The editor of a small, struggling magazine wrote to me recently, asking that I share with her the secrets of The Sun’s success.

Long-time subscribers will appreciate the irony, recalling the numerous times I’ve had to approach readers hat in hand, never knowing if The Sun had a future. The urgency of those appeals was always genuine, the response always generous.

I suppose The Sun is a success, if only by virtue of having survived this long. Our readership continues to grow; we pay the bills; we earn modest salaries now instead of subsistence pay. Yet, to my mind, our success has less to do with worldly recognition, or anything measurable, than with the quality of the magazine, its success at being what it is. Is each issue as good as it can be? Does it unite us without the forced cry of “oneness”? Does it honor our sense of wonder without sentimentalizing it — without denying the pain that’s undeniable or the joy no words can describe?

The Indian philosopher J. Krishnamurti observed that all organizations run the risk of becoming self-serving, regardless of the original purpose or vision behind them; it’s one of the perils of success. I try to stay aware of this even as I become distracted by how many more letters there are to answer, how many manuscripts to read, how many decisions to be made about everything from computers — which I barely understand — to dealing with the post office, which I’ll never understand. Seduced by my own busyness, I can forget to think, to feel; my success at staying true to The Sun — which, first of all, means staying true to myself — is never a settled question, but must be earned again and again. The reward isn’t recognition, after all, but being able to do the work with greater clarity and kindness and determination. The work itself is the reward, whether “struggle” or “success” attends it. The work is work: long hours, well spent.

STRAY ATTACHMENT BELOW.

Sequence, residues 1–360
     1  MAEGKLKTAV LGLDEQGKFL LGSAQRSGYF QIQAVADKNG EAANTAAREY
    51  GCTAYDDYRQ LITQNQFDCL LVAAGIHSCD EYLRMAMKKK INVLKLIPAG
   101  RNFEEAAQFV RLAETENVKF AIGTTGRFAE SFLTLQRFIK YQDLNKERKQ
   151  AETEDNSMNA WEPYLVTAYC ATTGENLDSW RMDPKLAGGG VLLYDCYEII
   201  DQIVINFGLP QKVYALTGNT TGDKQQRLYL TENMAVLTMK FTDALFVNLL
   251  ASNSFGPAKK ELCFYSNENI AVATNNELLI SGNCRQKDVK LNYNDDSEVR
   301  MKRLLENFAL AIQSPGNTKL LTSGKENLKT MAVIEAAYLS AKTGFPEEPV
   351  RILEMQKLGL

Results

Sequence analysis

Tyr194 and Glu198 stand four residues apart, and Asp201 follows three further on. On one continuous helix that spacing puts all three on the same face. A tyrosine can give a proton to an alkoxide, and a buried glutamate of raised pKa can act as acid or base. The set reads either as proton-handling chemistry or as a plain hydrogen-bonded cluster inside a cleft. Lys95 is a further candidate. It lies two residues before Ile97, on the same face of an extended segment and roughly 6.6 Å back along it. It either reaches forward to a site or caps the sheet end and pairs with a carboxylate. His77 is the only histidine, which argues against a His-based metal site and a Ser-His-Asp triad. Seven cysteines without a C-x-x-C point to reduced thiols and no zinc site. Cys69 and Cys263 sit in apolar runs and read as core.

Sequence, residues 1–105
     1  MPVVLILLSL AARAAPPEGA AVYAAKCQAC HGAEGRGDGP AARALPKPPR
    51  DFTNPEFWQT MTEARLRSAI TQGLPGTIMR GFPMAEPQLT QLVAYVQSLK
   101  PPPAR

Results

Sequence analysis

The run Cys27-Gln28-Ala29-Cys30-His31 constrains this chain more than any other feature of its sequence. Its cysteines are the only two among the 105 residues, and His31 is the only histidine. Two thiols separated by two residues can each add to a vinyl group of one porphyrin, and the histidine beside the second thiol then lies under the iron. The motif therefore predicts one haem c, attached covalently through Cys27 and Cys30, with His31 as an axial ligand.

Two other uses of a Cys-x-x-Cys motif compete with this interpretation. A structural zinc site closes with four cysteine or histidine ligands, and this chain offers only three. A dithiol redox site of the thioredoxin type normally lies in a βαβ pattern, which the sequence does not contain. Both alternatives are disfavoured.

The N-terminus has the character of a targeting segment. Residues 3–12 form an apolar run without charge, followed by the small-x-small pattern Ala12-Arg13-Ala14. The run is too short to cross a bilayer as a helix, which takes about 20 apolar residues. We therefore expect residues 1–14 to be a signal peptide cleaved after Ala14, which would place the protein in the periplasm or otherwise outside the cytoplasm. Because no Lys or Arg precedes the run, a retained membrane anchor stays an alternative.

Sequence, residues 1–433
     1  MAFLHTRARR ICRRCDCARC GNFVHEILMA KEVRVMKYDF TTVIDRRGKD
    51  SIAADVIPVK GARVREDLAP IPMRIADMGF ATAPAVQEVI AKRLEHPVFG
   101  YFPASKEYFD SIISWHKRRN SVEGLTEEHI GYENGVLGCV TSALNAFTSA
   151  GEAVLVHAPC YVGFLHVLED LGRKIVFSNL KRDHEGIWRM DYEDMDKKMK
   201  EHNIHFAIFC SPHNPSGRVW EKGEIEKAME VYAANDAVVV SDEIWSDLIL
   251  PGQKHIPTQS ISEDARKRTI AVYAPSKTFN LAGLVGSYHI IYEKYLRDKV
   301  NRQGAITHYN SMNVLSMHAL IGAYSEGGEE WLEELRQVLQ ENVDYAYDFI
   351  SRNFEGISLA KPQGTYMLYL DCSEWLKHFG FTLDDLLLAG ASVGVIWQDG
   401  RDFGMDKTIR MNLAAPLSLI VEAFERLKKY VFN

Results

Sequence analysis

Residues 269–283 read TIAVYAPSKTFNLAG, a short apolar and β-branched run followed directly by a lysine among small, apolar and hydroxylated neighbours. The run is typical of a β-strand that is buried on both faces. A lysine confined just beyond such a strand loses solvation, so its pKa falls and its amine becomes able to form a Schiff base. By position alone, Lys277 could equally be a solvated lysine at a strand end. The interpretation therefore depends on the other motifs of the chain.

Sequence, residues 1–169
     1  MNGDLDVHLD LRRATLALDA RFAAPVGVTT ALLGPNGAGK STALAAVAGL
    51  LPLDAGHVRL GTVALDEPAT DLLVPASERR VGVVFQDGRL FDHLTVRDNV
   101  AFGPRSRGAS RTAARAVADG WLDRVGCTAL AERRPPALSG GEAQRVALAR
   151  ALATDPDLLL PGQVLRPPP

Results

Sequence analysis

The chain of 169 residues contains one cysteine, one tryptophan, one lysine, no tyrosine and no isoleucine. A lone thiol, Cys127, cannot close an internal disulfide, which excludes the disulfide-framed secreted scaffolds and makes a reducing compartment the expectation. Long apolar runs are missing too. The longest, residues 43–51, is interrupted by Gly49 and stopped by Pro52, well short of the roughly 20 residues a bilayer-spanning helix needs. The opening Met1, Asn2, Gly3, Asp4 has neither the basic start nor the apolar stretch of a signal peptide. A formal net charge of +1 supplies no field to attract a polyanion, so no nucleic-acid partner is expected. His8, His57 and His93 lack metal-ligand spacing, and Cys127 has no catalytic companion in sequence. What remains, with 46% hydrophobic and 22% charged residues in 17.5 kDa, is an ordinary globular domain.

I was keenly reminded recently how problematic success can be when the North Carolina Arts Council turned down our request for a grant. There wasn’t enough money to go around, the Council said. Small, struggling magazines needed it more.

I could no more argue with the Council’s reasoning than I could pretend not to be disappointed. I know there are many worthy organizations trying to bring something valuable into the world; I don’t want to seem selfish. Yet for years, the Council has helped us pay writers whose work appears in the magazine. We were counting on that support, just as those who write for The Sun count on those checks. For some, the recognition matters more than the money; for others, idealistic or foolish enough to try to make their living as writers, a check from The Sun, however modest, means a great deal.

The predicament is that while we’re no longer a “little” magazine, we’re not big enough to make it without help. Thus, I’m asking you to become A Friend Of The Sun, and pledge your ongoing financial support. Such help, in the form of a quarterly or yearly tax-deductible donation, would allow us to keep paying writers; it would provide a reliable source of income as we continue to seek more readers — without turning to dubious marketing strategies that sacrifice means for ends.

I fret about how to pay writers, how to deal with the challenges of growth. But what a blessing it is to have such problems! I marvel that month after month there is a magazine, that after sixteen years, The Sun is still here. Perhaps one of the secrets of The Sun’s success is that I don’t take its existence for granted. I invite you to consider the miracle of its existence, its growing pains, its need.

Sy Safransky